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Morrisey's solicitor general doesn't have W.Va. law license

CHARLESTON, W.Va. -- West Virginia Attorney General Patrick Morrisey's new solicitor general doesn't have a license to practice law in West Virginia.

Elbert Lin, a former Washington, D.C.-based lawyer who joined Morrisey's senior staff last week, apparently hasn't yet applied for a West Virginia law license - a process that typically takes three to five months. He must first pass a professional conduct exam, which he plans to take in April, before he can formally apply for a West Virginia law license.

Morrisey's office said Lin was "in the process of applying" for a license, but wouldn't say whether he submitted an application.

Meantime, Morrisey has changed Lin's title from solicitor general to "senior assistant to the attorney general," according to state payroll forms.

Lin makes $132,000 a year.

"Mr. Lin's title as senior assistant to the attorney general is intended to avoid any implication that he is holding himself out in a representative capacity," Morrisey's spokeswoman, Beth Ryan, said Thursday. 

Until Lin receives his West Virginia law license, he won't be allowed to appear before a court of law and sign legal pleadings on behalf of the attorney general's office, Ryan said. The only exception: Lin could be admitted to appear in court on a particular matter "pro hac vice," which requires special permission from a judge.

The West Virginia Board of Law Examiners will review Lin's application when he applies for a license. The state Supreme Court also must approve it.

"Our applications are confidential," said Madeleine J. Nibert, the state's bar admissions administrator. "Once they're admitted to practice law in West Virginia, the approval of their application becomes a public record."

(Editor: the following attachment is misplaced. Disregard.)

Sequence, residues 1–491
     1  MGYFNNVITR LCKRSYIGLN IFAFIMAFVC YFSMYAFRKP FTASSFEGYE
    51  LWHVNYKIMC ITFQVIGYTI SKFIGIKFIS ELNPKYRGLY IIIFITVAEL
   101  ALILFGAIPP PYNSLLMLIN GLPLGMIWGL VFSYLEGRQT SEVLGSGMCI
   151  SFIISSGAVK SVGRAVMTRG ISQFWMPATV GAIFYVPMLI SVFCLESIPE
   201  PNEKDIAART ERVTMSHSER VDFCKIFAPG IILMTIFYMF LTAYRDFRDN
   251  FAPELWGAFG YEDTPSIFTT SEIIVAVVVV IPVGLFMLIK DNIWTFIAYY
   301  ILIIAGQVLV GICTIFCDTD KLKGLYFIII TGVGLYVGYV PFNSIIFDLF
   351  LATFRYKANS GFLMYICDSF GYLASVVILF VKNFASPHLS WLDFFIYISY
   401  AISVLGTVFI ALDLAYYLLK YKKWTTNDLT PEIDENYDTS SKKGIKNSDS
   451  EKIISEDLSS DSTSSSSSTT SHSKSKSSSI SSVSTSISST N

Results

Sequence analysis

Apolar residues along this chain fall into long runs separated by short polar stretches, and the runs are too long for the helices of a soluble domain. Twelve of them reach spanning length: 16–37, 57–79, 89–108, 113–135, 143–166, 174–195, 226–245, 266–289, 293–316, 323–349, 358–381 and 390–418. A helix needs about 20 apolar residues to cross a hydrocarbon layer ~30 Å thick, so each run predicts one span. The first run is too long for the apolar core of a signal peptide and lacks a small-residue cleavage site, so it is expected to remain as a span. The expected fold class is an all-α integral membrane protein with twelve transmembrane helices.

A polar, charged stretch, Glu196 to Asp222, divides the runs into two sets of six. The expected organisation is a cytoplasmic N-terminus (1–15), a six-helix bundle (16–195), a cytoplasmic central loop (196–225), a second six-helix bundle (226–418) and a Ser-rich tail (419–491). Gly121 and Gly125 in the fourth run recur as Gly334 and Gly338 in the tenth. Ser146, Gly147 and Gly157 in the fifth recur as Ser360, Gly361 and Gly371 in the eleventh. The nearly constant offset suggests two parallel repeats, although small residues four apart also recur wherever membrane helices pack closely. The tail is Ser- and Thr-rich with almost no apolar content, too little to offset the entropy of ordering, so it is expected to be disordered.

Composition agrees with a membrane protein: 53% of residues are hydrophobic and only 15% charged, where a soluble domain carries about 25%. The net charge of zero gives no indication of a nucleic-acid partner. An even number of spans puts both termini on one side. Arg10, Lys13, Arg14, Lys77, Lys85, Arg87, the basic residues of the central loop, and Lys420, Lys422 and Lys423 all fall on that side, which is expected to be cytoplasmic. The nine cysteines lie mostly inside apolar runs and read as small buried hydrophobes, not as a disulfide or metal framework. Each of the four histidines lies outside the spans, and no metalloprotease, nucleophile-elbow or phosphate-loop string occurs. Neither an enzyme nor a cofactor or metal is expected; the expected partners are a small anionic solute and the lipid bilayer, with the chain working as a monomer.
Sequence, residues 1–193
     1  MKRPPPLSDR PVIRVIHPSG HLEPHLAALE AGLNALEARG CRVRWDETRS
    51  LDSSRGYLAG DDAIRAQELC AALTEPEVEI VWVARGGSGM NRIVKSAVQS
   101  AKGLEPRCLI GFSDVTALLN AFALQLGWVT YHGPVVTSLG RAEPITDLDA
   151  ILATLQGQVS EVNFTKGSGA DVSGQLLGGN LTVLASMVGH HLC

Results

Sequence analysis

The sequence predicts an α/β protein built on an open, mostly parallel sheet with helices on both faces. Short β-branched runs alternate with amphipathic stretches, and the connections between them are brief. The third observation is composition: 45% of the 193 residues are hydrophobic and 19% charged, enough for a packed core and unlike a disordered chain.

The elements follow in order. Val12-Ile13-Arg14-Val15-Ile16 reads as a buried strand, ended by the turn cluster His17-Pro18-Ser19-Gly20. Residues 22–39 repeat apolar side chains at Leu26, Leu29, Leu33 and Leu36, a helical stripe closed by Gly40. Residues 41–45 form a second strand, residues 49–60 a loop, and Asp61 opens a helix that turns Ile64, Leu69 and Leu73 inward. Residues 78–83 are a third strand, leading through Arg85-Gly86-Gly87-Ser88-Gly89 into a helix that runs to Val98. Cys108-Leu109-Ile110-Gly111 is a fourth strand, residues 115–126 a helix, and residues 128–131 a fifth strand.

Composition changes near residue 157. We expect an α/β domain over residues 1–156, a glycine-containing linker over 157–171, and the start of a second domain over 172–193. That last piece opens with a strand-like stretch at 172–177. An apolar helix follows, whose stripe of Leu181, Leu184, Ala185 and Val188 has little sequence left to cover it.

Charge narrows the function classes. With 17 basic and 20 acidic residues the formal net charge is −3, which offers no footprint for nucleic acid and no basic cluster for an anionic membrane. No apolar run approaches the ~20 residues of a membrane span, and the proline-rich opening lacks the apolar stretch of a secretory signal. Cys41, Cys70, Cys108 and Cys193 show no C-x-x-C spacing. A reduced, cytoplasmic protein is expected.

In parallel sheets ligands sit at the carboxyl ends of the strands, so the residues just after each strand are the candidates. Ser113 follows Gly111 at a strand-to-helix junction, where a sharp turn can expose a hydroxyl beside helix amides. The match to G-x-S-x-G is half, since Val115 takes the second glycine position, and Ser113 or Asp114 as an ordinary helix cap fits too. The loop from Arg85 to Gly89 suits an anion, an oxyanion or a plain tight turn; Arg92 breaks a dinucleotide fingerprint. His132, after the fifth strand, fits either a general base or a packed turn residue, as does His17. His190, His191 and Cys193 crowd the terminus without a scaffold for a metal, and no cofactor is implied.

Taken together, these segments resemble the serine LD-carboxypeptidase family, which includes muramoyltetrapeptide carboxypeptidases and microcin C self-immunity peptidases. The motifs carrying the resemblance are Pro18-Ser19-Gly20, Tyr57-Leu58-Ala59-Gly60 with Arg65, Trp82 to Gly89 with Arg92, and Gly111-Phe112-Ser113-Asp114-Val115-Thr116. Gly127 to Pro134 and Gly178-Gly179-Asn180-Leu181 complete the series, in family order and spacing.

Lin has licenses to practice law in Massachusetts and the District of Columbia. West Virginia's board has law license reciprocity agreements with both states.

However, Lin must pass a "multi-state professional responsibility exam" on lawyers' professional conduct. Lin has registered for the April test.

"Mr. Lin is in the process of seeking reciprocity licensure ..." Ryan said. "Until such time as that process is completed, we have implemented internal controls with respect to Mr. Lin that are consistent with those of similarly situated attorneys hired from out of state and employed by private law firms in West Virginia."

Lin, a graduate of Yale Law School, has practiced law since 2003. He's licensed to practice in several federal courts, including the U.S. Supreme Court and the U.S. Court of Appeals for the Fourth Circuit.

At a press conference last month, Morrisey announced Lin's hiring as solicitor general, a new position in the attorney general's office.

Morrisey selected Lin to head a new Office of Federalism and Freedom. The office was established to challenge federal policies that "have a tenuous nexus to law, or the U.S. and West Virginia constitutions," Morrisey said.

Morrisey said the office will target federal laws - such as gun control measures and environmental regulations -- that he believes aren't in West Virginia's best interests.

Before coming to West Virginia, Lin worked as a partner at Wiley Rein, a prestigious Washington law firm. He previously served as a clerk to U.S. Supreme Court Justice Clarence Thomas. He also was a trial attorney for the U.S. Justice Department.

"Upon completion of the reciprocity licensure process, Mr. Lin - an individual with impeccable legal credentials - will assume the official title and responsibilities of solicitor general," Ryan said in a statement.

Also Thursday, Morrisey announced that West Virginia has filed a "friend of the court" brief in a gun control case that's before the U.S. Supreme Court. West Virginia becomes the 19th state to file a legal brief in the lawsuit that challenges a New York law that requires gun owners to show a particular need to obtain a permit to carry weapons outside their homes.

The Second Circuit Court of Appeals upheld the New York law.

Morrisey said the court's decision is "troublesome because it concludes the Second Amendment's protections end at a person's front door."

"Under the text of the Second Amendment, this right necessarily extends outside the home," Morrisey said Thursday in a press release. "We have the right to keep and bear arms; one keeps arms inside the home, but one bears arms outside of the home. Any ruling to the contrary simply ignores this plain language."

Morrisey said the New York case has the potential to affect gun rights in West Virginia, which has reciprocity agreements with other states.  "The ability of other states to restrict law-abiding citizens to carry weapons outside of the home means that permits issued in West Virginia will not be recognized in those states," Morrisey said.

Reach Eric Eyre at ericeyre@wvgazette.com or 304-348-4869.


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